Newspaper article The Christian Science Monitor

Urumqi Unrest: China's Savvier Media Strategy

Newspaper article The Christian Science Monitor

Urumqi Unrest: China's Savvier Media Strategy

Article excerpt

Chinese riot police arrested several Uighurs Friday after breaking up a small demonstration in Urumqi, the capital of China's western Xinjiang Province and the scene of a riot Sunday that killed 156 people and injured more than 1,000.

Authorities arranged extra bus services out of Urumqi after China's worst ethnic violence in decades, but demand outstripped supply Friday as thousands of people poured into bus and train stations to flee the violence-wracked city.

Still, Chinese police this week succeeded in averting a major interethnic bloodbath after initially failing to control Sunday's riot.

Similarly, on the Internet, over the airwaves, and in the written media, Chinese propaganda officials utilized new and more sophisticated tactics to overcome early impressions that the authorities were to blame for the carnage and to paint a more nuanced picture.

"Officials are certainly studying the media-management techniques that are practiced elsewhere in the world," says Rebecca Mackinnon, an expert on the Chinese media at Hong Kong University. "And they actually don't work too badly."

A combination of censoring the Internet, providing Chinese readers with a wealth of reportage (however one-sided), and allowing foreign reporters to work on the ground represents a new Chinese model for handling the media, says Ms. Mackinnon.

"We've moved out of the realm of trying to control everything," she says, "and into a more subtle realm of manipulation and spin."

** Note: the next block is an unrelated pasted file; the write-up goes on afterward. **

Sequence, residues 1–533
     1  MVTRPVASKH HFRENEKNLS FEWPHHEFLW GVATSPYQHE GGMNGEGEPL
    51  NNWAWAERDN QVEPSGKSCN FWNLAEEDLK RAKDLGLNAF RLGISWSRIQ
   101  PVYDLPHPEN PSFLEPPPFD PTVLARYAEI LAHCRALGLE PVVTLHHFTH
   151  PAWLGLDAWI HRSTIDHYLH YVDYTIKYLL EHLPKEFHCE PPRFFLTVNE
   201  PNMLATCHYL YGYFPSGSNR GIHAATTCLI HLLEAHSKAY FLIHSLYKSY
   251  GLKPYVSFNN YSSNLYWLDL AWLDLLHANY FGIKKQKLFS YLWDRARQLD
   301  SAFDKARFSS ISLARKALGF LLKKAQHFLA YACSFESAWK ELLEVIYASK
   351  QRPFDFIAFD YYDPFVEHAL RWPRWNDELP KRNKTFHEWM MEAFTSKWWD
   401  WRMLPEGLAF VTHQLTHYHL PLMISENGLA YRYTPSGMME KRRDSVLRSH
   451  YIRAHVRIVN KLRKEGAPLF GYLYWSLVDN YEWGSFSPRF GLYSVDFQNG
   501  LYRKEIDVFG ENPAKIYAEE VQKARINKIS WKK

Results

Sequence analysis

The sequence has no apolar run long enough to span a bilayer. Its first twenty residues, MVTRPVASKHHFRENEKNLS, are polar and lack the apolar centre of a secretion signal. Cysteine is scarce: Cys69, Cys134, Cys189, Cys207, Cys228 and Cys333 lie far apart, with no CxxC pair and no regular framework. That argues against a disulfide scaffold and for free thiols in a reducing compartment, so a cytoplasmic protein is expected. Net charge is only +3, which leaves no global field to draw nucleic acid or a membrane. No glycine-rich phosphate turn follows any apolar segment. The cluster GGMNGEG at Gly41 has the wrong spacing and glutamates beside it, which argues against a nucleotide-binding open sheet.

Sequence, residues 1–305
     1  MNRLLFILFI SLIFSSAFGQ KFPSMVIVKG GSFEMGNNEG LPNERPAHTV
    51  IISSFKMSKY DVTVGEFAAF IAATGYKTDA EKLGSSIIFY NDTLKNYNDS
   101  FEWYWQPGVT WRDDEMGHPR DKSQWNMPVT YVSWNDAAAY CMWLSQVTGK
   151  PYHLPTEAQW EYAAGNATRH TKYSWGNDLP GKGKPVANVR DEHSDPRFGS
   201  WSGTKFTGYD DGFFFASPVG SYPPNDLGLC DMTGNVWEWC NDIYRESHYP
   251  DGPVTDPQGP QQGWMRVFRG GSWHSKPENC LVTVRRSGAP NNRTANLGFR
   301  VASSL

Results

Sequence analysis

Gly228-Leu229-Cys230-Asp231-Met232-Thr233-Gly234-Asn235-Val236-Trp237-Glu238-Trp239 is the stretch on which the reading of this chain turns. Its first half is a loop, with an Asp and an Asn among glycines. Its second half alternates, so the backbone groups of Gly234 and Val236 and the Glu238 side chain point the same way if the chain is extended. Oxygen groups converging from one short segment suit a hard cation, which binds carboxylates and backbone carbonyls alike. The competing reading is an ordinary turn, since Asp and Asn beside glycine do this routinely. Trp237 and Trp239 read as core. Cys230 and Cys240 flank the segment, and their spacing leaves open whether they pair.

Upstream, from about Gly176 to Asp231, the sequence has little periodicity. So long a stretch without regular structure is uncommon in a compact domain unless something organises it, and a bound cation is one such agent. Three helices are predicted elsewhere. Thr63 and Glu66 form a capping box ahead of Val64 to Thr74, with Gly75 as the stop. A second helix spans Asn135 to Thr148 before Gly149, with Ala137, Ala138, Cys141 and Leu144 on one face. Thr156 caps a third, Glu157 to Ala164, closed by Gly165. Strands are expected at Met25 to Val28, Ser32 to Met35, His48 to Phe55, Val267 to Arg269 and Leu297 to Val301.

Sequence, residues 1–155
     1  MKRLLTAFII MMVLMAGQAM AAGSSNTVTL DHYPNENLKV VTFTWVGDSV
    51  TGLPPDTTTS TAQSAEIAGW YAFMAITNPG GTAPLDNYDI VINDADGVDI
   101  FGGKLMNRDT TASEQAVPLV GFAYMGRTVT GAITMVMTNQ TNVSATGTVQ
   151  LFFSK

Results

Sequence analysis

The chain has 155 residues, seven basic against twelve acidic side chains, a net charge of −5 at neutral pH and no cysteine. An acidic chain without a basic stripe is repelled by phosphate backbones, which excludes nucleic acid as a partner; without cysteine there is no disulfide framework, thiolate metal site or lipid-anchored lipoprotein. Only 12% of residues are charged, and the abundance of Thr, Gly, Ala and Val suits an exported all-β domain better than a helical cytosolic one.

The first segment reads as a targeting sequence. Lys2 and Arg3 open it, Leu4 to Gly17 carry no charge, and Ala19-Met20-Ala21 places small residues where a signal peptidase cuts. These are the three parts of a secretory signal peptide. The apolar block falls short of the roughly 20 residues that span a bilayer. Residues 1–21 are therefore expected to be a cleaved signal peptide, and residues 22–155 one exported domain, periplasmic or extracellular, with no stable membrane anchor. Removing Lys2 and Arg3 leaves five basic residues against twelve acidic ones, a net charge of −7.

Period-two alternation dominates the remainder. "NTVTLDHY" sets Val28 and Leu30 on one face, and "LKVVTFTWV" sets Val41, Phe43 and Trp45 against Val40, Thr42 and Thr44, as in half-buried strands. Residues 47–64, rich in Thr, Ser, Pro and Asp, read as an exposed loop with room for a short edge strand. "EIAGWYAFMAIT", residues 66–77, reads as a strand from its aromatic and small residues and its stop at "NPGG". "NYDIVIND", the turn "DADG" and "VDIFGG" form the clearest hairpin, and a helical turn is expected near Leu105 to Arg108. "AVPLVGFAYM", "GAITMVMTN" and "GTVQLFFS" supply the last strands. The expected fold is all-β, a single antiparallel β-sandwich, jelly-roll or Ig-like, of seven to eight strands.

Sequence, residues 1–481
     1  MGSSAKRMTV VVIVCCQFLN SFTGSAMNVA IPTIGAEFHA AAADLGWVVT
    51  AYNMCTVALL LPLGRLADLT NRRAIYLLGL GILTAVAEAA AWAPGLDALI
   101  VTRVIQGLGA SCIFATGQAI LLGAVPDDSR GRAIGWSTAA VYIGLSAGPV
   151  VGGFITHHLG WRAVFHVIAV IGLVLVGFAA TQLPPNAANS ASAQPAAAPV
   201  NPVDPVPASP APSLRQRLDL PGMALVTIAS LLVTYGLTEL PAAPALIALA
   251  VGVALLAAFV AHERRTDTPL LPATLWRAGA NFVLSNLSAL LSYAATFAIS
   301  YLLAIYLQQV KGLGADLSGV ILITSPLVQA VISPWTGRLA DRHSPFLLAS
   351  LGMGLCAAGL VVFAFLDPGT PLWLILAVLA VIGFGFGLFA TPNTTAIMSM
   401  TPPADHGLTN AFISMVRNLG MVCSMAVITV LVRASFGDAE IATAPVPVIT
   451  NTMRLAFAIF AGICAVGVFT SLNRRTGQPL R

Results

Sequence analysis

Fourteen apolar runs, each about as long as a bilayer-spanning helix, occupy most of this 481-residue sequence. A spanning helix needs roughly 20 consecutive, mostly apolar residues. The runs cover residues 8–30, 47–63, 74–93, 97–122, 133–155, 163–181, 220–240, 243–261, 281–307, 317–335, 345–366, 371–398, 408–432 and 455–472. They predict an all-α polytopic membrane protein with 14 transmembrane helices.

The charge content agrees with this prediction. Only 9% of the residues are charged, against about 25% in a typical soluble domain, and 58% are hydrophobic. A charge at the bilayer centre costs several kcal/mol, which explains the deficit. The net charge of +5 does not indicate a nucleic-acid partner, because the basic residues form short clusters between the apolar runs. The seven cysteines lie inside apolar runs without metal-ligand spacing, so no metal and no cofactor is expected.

How Beijing changed tactics since 2008 Tibet unrest

Eighteen months ago, when unrest broke out among Tibetans, the government banned foreign reporters from a huge swath of Tibetan- inhabited western China. Denied the chance to offer firsthand accounts of events, most Western media relied heavily on exile Tibetan sources.

The result was an unmitigated international public relations disaster for Beijing, although at home few Chinese questioned the official version that the Dalai Lama had instigated the trouble that left 18 ethnic Han and Hui Chinese dead.

Last Monday, in contrast, after a demonstration by Uighur protesters had spun out of control, the government invited foreign journalists to visit Urumqi to report for themselves on what had happened. A press center was put at their disposal, and tours of the violence-stricken quarters of the city were provided.

The initial assumption among most Western observers was that most of the dead must have been Uighur demonstrators, cut down by police gunfire. Although the authorities have not given an ethnic breakdown of the victims, reporters interviewing eyewitnesses began to suspect that in fact the majority of the dead may well have been Han Chinese, killed by Uighur rioters. …

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